What is EPA proposing?
Currently EPA requires secondary containment and interstitial monitoring for hazardous substance tanks only.
EPA is proposing UST owners and operators install secondary containment and interstitial monitoring for new and replaced tanks and piping installed after the effective date of the final UST regulation. The secondary containment must be able to contain regulated substances released from the UST system until they are detected and removed.
In addition, UST systems must have under-dispenser containment for new dispenser systems.
EPA is not proposing secondary containment for suction piping, sometimes called safe suction piping, and piping associated with field-constructed tanks and airport hydrant fuel distribution systems. Only new and replaced tanks must meet the secondary containment requirement.
EPA is also proposing the following new terms and definitions:
Dispenser system: Equipment located aboveground that meters the amount of regulated substances transferred to a point of use outside the UST system, such as a motor vehicle. This system includes equipment necessary to connect the dispenser to the UST system.
Replaced: For a tank, to remove a tank and install another tank. For piping, to remove 50% or more of piping and install other piping, excluding connectors, connected to a single tank. For tanks with multiple piping runs this definition applies independently to each piping run.
Secondary containment or secondarily contained: A release prevention and release detection system for a tank and/or piping. This system has an inner and outer barrier with an interstitial space that is monitored for leaks.
Under-dispenser containment (UDC): Containment underneath a dispenser system designed to prevent dispenser system leaks from reaching soil or groundwater.
EPA is in the process of reviewing stakeholder comments to gain additional information in considering the significant cost to UST owners/operators.
Stakeholder Comments — PMAA
Since it is required by the EPAct, the Petroleum Marketers Association of America (PMAA) supports EPA’s proposal to add a secondary containment requirement for new and replaced tanks and piping.
PMAA also supports the proposed definition for “replaced” which triggers the secondary containment requirement for existing tanks and piping. Specifically, PMAA agrees with the agency that “replaced” should apply to piping when 50% or more of a pipe run to a single tank is removed. PMAA also agrees that this definition be applied independently to each piping run for tanks with multiple lines. Replacing a piping run is expensive because it requires taking a UST out of service for several days and removal and replacement of concrete surfaces overlaying the UST system. Limiting the definition to a minimum 50% replacement and to independent lines is the most cost effective and least burdensome way for marketers to upgrade with secondary contained piping. PMAA strongly supports the EPA’s decision to not make the double wall piping requirement retroactive for all UST systems.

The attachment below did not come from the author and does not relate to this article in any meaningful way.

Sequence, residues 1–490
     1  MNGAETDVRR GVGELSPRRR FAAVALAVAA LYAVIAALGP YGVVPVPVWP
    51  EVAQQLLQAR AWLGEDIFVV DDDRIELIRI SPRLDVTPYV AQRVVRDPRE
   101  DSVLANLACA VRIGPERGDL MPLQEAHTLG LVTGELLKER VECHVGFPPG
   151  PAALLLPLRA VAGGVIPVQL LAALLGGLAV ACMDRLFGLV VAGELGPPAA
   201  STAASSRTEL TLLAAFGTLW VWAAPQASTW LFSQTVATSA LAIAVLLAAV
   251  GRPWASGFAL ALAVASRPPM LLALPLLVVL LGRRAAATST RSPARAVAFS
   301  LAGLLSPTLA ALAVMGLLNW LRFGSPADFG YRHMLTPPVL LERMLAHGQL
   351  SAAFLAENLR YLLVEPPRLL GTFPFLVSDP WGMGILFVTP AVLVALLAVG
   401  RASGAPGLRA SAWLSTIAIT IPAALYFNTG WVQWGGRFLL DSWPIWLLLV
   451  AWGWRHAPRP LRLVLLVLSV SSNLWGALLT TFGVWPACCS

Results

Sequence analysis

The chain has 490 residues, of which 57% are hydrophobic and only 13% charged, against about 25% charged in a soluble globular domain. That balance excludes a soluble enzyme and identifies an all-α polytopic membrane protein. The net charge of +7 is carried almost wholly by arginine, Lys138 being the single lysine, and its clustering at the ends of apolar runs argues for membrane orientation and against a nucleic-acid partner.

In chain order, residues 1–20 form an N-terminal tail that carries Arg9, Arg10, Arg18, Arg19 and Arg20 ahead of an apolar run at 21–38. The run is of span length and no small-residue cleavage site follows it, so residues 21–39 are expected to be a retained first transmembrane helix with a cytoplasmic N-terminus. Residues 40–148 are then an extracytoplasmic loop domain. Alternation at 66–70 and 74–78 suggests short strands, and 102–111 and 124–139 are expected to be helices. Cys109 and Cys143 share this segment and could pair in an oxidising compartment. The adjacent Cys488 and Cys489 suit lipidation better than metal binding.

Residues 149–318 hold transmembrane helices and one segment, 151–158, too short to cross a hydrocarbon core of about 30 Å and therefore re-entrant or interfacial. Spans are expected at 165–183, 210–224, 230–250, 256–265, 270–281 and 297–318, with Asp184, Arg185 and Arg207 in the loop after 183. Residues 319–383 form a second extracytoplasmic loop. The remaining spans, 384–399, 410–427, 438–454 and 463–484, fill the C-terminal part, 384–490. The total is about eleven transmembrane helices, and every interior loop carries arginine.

However, PMA strongly opposes any alternative definition that would set a lower replacement percentage or require all lines in a multiple line system to be replaced when more than 50% of a single, independent line is removed and replaced. A trigger below the 50% level would be a strong incentive for not replacing aging single walled piping systems. Instead, small repairs and patches would be made to lengthen the life of existing single walled piping until a larger run over 50% of total length requires replacement.
Stakeholder Comments – Veeder-Root
Veeder-Root Company recommended that the requirement for a 3-year test be waived for operators that have installed more protective continuous vacuum or pressure monitoring on secondary systems designed to monitor both primary and secondary walls and detect leaks before they enter the environment.
Stakeholder Comments – Boeing
Boeing also believes the 3-year test for secondary containment areas that use interstitial monitoring is onerous and increases the regulated community’s costs significantly with very little benefit. All pressurized piping is already tested annually and any leaks would be detected during these tests.
Stay tuned for updates on any revisions to the proposed rules and continued discussions related to the impact the new UST rules will have on UST businesses
Nancy W. Teolis, J.D., has been a Legal Editor for BLR’s environmental law publications since 1993, focusing primarily on underground storage tanks, pesticides, and hazardous waste-related requirements. Before joining BLR, she worked for the law firm Rudman & Winchell in Bangor, Maine, with an emphasis on asbestos exposure litigation. She received her law degree from Western New England University School of Law in Springfield, Massachusetts, and is a member of the Connecticut bar.